The Ultra-Sleek Duchess of Hamilton Britain's National Railway Museum in York is a delight for two quite different museum-goers. First, there are the men--like Chuck--who grew up in a time when the staple and gold standard in toys for boys was model trains. Second, there are the steampunkers, but we'll get to them in a bit. The National Railway Museum is adjacent to York's train station and occupies train yards used for various maintenance purposes on these massive machines that have inspired the male imagination for nearly two of centuries now. With two main halls, the museum is jam-packed...

An English Cemetery

Chuck Mon, 2014-08-25 07:30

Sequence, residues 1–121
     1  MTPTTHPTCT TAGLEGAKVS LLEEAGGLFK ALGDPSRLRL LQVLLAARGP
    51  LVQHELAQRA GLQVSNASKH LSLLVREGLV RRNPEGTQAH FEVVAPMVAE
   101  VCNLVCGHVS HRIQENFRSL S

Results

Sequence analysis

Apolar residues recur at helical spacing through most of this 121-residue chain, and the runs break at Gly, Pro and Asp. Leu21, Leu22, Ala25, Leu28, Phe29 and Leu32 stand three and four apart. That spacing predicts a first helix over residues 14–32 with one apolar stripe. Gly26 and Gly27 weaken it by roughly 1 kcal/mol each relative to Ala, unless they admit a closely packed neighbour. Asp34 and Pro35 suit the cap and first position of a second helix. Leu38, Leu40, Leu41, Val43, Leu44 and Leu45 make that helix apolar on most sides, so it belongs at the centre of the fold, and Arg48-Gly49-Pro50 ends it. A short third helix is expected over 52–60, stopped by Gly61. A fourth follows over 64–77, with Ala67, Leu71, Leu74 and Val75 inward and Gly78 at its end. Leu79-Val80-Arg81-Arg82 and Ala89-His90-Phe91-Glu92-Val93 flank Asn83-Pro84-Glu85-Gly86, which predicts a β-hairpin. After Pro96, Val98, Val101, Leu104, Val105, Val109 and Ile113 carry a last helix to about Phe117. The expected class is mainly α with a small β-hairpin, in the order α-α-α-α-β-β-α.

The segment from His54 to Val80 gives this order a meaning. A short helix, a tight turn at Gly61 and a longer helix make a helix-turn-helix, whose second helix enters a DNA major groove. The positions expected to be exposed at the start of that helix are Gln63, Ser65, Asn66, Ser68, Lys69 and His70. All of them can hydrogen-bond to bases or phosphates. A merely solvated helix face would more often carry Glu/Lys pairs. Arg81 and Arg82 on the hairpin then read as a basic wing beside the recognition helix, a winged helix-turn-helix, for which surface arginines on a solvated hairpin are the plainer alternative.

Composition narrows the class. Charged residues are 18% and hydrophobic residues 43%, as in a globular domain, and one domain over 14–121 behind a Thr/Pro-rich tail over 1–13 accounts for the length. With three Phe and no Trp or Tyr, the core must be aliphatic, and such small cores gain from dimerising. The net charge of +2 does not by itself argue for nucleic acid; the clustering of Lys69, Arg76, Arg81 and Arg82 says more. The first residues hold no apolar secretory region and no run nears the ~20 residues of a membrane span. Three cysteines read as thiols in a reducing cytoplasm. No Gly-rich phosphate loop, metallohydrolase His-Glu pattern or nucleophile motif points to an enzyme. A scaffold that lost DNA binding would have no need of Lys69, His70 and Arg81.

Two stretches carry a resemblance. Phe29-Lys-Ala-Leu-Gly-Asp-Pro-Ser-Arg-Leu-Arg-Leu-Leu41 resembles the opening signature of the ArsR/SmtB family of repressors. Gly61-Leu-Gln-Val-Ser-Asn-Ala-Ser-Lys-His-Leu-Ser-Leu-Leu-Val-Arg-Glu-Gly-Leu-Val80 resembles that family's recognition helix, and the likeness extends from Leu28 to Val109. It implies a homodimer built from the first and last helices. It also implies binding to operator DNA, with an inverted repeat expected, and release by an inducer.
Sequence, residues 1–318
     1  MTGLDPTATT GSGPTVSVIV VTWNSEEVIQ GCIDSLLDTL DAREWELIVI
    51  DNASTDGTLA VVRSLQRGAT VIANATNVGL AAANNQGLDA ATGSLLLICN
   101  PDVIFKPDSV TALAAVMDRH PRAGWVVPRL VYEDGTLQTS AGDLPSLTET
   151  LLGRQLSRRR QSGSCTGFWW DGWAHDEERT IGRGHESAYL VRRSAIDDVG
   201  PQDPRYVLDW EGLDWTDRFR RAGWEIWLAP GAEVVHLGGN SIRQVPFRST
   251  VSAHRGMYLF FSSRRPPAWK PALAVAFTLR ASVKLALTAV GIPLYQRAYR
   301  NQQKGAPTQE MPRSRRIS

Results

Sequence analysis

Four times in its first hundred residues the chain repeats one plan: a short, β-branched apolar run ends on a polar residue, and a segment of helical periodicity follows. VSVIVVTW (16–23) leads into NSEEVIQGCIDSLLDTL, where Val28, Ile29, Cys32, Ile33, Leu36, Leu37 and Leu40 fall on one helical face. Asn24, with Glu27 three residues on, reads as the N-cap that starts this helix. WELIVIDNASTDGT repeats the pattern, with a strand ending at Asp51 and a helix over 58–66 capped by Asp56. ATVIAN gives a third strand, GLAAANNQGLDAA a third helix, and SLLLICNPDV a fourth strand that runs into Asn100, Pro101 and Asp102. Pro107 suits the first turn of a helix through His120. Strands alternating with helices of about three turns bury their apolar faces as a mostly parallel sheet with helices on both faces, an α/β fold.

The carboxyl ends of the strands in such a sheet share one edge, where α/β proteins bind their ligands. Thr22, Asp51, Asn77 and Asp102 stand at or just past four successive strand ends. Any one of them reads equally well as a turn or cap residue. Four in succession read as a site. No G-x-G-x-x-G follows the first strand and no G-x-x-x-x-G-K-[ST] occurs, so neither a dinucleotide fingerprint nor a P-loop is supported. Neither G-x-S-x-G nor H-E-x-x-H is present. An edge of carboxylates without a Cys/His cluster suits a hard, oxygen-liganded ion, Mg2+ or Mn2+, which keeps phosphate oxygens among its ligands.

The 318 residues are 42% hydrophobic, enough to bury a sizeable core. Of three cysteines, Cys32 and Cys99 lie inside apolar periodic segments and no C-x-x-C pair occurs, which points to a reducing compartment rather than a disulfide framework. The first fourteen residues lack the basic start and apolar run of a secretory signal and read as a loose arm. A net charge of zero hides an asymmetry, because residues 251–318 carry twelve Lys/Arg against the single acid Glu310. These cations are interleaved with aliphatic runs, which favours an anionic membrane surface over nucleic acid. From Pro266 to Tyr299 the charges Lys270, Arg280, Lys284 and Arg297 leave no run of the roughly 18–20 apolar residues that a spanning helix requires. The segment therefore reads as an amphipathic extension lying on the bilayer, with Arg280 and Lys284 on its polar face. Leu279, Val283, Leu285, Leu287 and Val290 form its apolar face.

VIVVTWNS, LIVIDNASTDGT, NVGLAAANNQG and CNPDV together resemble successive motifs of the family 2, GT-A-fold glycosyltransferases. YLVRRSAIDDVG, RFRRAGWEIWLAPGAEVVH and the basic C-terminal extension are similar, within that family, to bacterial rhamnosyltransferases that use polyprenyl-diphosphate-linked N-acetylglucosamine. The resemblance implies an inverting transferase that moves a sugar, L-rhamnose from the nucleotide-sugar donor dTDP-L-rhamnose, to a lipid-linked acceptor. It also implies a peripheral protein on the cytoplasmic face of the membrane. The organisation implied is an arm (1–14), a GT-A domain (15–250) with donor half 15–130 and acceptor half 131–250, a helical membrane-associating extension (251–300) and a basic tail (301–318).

Perhaps this blog would be better timed on Halloween, but we find cemeteries--especially the old ones of Europe--to be such fascinating places to visit that we couldn't wait another two months. We had the fortune to spend part of a day at this great little cemetery at Saint Mary the Blessed Virgin church in Easthampton Village looking for a family stone. We found it, along with a whole bunch of other history. There's nobody famous buried here--no writers, politicians, or sixties rock drummers--just quite a few people who were "sacred to the memory of" and beloved parents, sons, and daughters...

Liverpool's Dueling Cathedrals

Chuck Sun, 2014-08-24 07:30